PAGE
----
Because the UK lacks separation of church and state, Prime Minister Tony Blair chose Williams from a list of two submitted by a special commission after months of secret debate. Queen Elizabeth later approved the appointment formally. A spokesperson for Tony Blair praised Williams' "wisdom, intellectual stature and deep spirituality [qualities which would be] invaluable as he seeks to lead the Anglican church in ever more complex and challenging times". The spokesperson added: "The government may not always agree with everything that is said (by senior members of the church) but people are perfectly at liberty to express their views." Williams has backed a gradual separation of church and state in England. The Reverend Richard Kirker, general secretary of the lesbian and gay Christian movement, welcomed Williams' past support for homosexual rights. Kirker said: "Dr Williams' commitment to justice and dignity for all people including lesbians and gay men gives us great heart. Under his leadership homophobia will be challenged and intolerance rooted out." Some conservative elements from within the Anglican Community are displeased with the selection of Williams. 4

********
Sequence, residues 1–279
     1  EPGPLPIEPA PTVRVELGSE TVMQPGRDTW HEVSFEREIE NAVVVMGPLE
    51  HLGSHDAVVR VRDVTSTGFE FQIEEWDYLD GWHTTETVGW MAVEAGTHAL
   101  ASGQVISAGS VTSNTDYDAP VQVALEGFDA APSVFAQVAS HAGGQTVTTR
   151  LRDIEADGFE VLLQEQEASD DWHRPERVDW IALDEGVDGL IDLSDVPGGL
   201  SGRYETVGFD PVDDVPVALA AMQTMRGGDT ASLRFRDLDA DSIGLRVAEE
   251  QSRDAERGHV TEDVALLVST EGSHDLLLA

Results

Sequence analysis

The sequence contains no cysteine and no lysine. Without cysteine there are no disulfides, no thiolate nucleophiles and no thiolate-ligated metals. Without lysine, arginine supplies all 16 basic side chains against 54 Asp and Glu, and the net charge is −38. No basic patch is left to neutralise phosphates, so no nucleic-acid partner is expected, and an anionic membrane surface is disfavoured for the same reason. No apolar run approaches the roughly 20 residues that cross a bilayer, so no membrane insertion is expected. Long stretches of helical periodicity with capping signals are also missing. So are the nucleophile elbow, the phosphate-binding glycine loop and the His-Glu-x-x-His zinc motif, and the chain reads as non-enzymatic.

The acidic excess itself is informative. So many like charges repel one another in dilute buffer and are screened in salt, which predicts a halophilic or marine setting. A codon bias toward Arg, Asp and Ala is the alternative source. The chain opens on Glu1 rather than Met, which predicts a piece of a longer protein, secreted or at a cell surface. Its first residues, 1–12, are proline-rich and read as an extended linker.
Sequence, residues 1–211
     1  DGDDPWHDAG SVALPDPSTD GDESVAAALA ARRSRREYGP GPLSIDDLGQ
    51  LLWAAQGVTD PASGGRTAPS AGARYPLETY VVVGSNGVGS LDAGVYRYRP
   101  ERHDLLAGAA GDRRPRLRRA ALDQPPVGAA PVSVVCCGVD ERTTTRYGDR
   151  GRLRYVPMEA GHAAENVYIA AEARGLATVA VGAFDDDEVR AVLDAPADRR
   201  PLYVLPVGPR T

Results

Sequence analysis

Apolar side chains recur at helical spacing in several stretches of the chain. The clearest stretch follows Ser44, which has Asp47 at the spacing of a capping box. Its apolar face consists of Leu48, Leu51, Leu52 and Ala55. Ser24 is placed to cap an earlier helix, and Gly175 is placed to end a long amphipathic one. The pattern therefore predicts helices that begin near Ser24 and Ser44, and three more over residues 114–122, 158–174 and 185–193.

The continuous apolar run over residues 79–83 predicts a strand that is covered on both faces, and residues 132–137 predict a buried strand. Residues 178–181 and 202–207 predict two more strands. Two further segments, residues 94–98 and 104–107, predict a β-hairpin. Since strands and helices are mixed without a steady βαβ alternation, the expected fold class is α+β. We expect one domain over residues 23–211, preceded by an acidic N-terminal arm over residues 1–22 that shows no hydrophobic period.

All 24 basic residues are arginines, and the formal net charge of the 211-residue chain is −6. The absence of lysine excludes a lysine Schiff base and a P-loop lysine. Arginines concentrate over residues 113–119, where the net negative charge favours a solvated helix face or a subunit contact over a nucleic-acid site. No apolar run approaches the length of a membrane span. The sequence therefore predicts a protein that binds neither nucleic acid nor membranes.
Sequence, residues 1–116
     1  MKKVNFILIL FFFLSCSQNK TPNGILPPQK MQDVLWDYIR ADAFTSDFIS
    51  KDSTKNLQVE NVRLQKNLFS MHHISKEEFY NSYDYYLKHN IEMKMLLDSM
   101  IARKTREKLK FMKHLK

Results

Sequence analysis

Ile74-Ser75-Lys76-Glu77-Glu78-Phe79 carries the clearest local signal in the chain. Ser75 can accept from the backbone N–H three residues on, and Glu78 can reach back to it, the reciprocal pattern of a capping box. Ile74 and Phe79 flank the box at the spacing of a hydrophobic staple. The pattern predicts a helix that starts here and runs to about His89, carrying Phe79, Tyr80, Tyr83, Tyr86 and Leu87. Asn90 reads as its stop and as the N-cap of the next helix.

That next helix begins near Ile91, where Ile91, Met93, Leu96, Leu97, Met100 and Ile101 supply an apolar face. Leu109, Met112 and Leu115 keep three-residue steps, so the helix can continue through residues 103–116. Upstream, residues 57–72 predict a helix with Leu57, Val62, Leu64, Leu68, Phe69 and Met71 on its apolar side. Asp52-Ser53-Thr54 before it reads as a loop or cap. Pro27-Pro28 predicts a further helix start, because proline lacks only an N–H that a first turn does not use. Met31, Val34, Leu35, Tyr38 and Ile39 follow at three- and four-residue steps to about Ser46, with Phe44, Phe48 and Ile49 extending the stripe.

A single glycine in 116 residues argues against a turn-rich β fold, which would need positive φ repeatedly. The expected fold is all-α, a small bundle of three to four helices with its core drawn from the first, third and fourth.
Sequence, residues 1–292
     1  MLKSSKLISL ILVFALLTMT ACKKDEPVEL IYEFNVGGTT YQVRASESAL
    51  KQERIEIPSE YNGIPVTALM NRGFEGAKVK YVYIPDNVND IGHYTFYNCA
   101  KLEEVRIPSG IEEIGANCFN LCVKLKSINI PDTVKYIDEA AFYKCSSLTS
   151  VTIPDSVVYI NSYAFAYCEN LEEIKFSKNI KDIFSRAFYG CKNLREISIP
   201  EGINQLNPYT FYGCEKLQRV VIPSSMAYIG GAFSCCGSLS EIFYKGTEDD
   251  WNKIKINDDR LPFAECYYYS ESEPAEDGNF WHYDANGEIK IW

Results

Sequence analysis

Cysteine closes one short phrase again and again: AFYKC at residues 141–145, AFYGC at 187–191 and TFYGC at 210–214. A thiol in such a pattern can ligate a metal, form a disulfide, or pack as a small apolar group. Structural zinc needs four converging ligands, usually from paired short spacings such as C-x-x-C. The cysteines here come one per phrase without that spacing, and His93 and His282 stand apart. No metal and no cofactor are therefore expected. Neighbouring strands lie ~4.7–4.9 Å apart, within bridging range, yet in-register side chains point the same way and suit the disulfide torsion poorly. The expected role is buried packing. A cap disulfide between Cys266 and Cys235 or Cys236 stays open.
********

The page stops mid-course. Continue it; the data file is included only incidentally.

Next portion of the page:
bullet 2002-JUL: Archbishop rejects blessing of gay unions: During an address at Oxford University, the Archbishop of Canterbury, the Most Rev. George Carey, departed from his prepared speech. He discussed a prior decision by the New Westminster diocese in British Columbia, Canada. In 2001-JUN, the diocese's governing body -- the synod -- voted 63% in favor of blessing gay and lesbian unions. To our knowledge, this is the first diocese in the entire Anglican Communion to take this step. Carey said that the diocese's decision was schismatic because it divides the Anglican Communion and "makes us a very embarrassing partner in ecumenical circles." 7 It may be worth noting that if one synod is not allowed to be the first to make a change, then change becomes impossible for any synod, for any province or for the Anglican Communion itself.